GEOGRAPHIC LOCATIONS
SOURCE CITATIONS
SOURCE
DATE
PAGE
Box Office
24 Sep 1973
p. 4625.
Cue
24 Sep 1973.
---
Daily Variety
2 Oct 1973.
---
Daily Variety
16 Oct 1973.
---
Los Angeles Herald Examiner
21 Dec 1973
Section C, p. 9.
Los Angeles Times
19 Dec 1973.
---
Los Angeles Times
28 Feb 2004.
---
Motion Picture Herald Product Digest
3 Oct 1973.
---
New York Times
22 Sep 1973
p. 18.
New York Times
11 Nov 1973
Section II, p. 11.
New York Times
20 Jan 2004.
---
Variety
3 Oct 1973
p. 14.
Variety
7 Nov 1973.
---
CAST
PRODUCTION CREDITS
NAME
PARENT COMPANY
PRODUCTION COMPANY
NAME
CREDITED AS
CREDIT
DIRECTORS
Asst dir
Asst dir
PRODUCERS
Prod
Assoc prod
WRITERS
Scr
PHOTOGRAPHY
Cam op
2d asst cam
Key grip
Dolly grip
Best boy
ART DIRECTOR
Art dir
FILM EDITORS
Asst ed
Asst ed
SET DECORATORS
Set dec
Props
Props
COSTUMES
MUSIC
SOUND
VISUAL EFFECTS
Spec eff
MAKEUP
PRODUCTION MISC
Prod mgr
Prod mgr
Prod coord
Scr supv
Casting
Casting
Post prod supv
Prod asst
Prod asst
STAND INS
Stunt gaffer
SOURCES
LITERARY
Based on the novel The Spook Who Sat by the Door by Sam Greenlee (London and New York, 1969).
AUTHOR
DETAILS
Release Date:
September 1973
Premiere Information:
New York opening: 21 September 1973
Copyright Claimant:
United Artists Corp.
Copyright Date:
17 August 1973
Copyright Number:
LP42801
Physical Properties:
Sound
Color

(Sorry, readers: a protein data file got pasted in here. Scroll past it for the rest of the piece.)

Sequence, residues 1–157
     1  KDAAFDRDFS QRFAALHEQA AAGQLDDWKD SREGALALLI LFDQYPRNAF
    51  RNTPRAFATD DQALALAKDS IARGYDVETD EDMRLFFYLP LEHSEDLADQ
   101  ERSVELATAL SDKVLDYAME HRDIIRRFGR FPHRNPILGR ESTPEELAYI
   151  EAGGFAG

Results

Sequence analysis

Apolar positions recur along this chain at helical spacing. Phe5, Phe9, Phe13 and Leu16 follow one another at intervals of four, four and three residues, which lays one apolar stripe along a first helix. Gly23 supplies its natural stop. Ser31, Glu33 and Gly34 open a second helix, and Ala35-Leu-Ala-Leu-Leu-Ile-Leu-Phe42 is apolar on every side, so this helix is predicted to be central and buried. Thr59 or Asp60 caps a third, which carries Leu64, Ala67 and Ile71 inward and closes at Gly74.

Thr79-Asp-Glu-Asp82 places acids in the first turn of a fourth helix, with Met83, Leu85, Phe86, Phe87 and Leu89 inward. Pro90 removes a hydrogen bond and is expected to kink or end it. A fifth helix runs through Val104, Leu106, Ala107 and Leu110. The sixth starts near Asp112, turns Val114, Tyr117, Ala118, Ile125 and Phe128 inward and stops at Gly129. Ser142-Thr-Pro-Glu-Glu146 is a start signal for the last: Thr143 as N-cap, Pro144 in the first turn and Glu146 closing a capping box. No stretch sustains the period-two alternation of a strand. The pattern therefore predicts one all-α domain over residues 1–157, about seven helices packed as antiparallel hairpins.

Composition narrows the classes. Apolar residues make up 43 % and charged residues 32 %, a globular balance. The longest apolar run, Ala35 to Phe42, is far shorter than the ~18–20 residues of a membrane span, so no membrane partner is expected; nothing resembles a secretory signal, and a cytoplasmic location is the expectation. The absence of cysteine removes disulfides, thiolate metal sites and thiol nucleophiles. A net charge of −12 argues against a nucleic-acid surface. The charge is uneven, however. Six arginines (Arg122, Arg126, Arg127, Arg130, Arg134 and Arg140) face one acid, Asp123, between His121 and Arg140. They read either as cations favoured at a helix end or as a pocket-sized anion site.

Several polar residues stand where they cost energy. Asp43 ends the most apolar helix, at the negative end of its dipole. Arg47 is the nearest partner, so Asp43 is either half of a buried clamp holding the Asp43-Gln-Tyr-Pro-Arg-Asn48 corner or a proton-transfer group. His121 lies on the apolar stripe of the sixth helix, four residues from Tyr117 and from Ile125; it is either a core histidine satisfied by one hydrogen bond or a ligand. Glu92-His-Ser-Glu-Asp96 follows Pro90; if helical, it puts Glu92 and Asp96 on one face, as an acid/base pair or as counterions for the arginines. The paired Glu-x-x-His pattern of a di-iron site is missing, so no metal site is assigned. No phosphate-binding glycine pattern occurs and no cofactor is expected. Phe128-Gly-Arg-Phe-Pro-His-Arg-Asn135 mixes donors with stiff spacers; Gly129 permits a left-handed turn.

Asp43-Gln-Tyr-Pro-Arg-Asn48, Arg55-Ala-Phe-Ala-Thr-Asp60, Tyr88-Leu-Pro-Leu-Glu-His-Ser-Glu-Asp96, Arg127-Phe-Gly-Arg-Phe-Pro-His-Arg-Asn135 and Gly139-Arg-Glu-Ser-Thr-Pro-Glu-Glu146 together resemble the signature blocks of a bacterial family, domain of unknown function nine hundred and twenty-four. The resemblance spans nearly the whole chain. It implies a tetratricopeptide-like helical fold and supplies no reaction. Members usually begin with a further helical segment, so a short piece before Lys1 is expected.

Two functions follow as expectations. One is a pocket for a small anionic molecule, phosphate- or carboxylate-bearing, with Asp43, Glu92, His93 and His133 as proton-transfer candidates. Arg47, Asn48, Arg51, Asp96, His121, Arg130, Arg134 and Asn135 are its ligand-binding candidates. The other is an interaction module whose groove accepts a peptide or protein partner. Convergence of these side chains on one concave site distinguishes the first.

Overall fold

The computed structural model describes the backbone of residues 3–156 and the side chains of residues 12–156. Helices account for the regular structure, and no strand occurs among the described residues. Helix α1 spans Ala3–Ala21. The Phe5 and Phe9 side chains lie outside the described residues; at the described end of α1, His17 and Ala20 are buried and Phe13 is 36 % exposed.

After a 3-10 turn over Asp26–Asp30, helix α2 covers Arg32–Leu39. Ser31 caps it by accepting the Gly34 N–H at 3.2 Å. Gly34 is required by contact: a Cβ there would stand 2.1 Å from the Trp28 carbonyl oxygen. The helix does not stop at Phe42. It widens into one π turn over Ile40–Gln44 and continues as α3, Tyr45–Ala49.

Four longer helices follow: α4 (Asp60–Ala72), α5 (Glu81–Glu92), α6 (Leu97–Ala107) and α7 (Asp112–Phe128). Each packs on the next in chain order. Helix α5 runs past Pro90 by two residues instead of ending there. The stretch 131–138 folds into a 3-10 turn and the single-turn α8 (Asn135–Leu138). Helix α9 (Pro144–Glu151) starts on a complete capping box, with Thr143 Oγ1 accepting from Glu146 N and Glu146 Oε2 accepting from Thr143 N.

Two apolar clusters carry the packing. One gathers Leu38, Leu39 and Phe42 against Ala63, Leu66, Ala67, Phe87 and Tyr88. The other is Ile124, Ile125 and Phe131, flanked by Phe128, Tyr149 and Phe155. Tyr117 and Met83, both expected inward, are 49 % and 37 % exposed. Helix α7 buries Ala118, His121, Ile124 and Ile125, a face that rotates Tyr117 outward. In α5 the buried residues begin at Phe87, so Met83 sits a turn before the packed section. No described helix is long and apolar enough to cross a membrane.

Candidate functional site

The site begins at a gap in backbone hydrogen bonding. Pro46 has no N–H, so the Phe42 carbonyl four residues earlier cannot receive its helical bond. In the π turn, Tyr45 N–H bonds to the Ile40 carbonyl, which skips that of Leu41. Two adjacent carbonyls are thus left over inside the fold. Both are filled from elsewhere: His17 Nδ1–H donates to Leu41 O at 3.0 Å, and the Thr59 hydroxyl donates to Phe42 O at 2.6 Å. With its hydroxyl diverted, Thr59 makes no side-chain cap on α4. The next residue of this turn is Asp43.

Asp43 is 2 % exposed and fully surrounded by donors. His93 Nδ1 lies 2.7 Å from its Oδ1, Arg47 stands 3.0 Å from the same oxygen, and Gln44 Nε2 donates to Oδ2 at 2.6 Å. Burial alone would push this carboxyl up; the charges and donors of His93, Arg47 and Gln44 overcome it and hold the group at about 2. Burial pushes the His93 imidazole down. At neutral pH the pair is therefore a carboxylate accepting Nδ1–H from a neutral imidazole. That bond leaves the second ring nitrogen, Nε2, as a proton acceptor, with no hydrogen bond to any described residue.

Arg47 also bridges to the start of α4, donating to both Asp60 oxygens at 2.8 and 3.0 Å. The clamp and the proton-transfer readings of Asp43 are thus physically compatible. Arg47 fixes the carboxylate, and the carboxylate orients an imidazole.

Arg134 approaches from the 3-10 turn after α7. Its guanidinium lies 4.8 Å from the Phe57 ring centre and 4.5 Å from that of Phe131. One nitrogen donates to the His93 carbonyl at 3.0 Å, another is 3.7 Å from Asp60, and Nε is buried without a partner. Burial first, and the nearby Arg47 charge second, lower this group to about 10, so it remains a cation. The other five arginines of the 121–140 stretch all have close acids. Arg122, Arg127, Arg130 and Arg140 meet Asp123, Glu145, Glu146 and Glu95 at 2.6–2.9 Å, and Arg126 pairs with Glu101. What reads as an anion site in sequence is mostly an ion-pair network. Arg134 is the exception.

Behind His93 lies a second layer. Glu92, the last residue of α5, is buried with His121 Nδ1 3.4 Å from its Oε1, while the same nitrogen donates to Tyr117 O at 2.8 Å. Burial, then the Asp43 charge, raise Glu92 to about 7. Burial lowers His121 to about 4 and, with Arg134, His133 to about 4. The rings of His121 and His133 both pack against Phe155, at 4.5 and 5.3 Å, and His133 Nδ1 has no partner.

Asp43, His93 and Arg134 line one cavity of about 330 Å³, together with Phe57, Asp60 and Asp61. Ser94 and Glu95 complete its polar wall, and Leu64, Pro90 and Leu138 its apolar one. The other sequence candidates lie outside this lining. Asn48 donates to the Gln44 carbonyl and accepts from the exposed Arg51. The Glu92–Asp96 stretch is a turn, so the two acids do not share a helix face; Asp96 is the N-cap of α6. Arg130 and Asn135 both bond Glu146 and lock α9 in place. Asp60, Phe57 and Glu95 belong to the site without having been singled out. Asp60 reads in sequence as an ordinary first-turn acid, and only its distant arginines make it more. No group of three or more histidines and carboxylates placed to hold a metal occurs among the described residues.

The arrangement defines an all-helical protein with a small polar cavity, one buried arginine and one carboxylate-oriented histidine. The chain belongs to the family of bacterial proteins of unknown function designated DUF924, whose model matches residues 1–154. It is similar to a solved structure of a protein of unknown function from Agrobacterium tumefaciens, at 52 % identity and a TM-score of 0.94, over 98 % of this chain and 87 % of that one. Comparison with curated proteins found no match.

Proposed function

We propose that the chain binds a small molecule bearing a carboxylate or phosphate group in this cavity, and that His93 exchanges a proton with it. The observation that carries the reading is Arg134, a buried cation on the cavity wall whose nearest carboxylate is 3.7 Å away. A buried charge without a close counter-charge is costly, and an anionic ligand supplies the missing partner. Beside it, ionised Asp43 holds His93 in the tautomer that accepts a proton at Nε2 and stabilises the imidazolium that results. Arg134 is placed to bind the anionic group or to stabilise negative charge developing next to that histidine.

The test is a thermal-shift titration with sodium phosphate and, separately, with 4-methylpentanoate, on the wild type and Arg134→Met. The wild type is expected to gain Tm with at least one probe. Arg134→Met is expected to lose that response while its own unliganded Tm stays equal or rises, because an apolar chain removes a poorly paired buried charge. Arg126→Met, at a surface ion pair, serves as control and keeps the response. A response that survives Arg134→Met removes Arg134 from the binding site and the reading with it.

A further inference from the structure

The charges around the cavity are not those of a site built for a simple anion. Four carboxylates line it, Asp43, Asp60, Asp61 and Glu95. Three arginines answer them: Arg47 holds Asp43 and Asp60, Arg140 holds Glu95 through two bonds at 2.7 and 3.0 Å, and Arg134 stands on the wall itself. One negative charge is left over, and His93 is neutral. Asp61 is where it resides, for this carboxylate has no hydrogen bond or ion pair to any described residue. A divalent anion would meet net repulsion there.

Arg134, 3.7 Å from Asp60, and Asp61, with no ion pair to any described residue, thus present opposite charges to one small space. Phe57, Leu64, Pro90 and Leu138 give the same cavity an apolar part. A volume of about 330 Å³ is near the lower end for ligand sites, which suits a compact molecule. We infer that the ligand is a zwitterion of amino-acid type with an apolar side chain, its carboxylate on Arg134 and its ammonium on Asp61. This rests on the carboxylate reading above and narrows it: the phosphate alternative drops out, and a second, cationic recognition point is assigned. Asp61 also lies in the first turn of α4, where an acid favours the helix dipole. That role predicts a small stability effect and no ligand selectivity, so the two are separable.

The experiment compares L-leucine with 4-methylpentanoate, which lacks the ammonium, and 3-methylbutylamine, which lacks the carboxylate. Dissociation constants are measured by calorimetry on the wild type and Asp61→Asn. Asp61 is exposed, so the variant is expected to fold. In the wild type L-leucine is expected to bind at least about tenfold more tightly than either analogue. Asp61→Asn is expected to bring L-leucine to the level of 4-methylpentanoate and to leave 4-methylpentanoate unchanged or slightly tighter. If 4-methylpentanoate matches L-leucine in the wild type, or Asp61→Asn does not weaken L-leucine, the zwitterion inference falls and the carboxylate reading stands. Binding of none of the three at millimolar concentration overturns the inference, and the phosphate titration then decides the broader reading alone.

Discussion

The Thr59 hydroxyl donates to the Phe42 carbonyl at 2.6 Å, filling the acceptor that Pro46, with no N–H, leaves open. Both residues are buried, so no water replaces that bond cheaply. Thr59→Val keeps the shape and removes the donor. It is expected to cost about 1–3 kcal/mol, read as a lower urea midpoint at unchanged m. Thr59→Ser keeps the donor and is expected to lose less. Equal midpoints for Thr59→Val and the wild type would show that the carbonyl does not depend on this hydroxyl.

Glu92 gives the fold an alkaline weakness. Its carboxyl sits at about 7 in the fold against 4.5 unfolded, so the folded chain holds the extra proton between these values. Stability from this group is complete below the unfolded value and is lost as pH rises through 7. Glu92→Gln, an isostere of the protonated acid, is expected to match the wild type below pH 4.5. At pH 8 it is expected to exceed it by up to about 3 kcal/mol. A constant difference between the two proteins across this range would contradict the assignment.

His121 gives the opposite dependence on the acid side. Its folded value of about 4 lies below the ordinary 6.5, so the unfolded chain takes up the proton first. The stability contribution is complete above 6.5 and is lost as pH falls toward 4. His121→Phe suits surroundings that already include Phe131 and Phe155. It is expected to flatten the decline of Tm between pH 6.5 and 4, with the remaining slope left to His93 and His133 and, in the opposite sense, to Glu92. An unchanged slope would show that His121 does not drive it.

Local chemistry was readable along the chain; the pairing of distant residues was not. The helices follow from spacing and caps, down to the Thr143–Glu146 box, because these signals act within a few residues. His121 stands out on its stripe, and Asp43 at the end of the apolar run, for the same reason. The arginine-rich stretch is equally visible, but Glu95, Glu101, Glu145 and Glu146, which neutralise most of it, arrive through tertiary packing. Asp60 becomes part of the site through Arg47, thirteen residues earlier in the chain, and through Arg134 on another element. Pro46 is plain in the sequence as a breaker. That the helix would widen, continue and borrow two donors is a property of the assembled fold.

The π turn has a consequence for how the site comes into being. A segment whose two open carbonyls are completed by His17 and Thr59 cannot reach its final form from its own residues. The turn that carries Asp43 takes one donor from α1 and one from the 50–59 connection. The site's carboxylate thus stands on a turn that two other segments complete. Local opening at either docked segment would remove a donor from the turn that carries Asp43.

Duration(in mins):
102
MPAA Rating:
PG
Country:
United States
Language:
English
Passed by NBR:
No
SYNOPSIS

Worried about his re-election campaign, Senator Gil Hennington courts the “black vote” by challenging the CIA to become integrated. The agency grudgingly responds by recruiting forty African Americans who undergo weeks of psychological testing, athletic training and classes in subjects such as bomb-making and the formation of underground guerrilla organizations. Because the general, the agency’s director, finds the idea of integration distasteful, he is reassured by his right-hand man, Carstairs, who believes that the class will flunk. Carstairs does not count on the perseverance of former social worker Dan Freeman, however, who keeps a low profile while achieving the highest marks. The other candidates are baffled by Freeman, who angers them by raising the grading curve and by not subscribing to their notions of middle-class success. Freeman refuses to socialize with his fellow students, instead rendezvousing with a prostitute, who is intrigued when he states that she looks like an elegant Dahomey queen from ancient Africa. Freeman also has a girl friend, Joy, although eventually Joy informs Freeman that she is marrying someone else, as she craves the material success that Freeman disparages. Five years pass as Freeman works at the CIA, first in the Xerox room as the “top secret reproduction center section chief,” and then as the general’s aide, in order to showcase the agency’s integration. One day, Freeman lunches with the general, who compliments him on being “a credit to your race.” Freeman humbly accepts the general’s racist praise, much to the silent ire of the black waiter serving them, and agrees when the general states that blacks must serve their country in order to bridge the ... +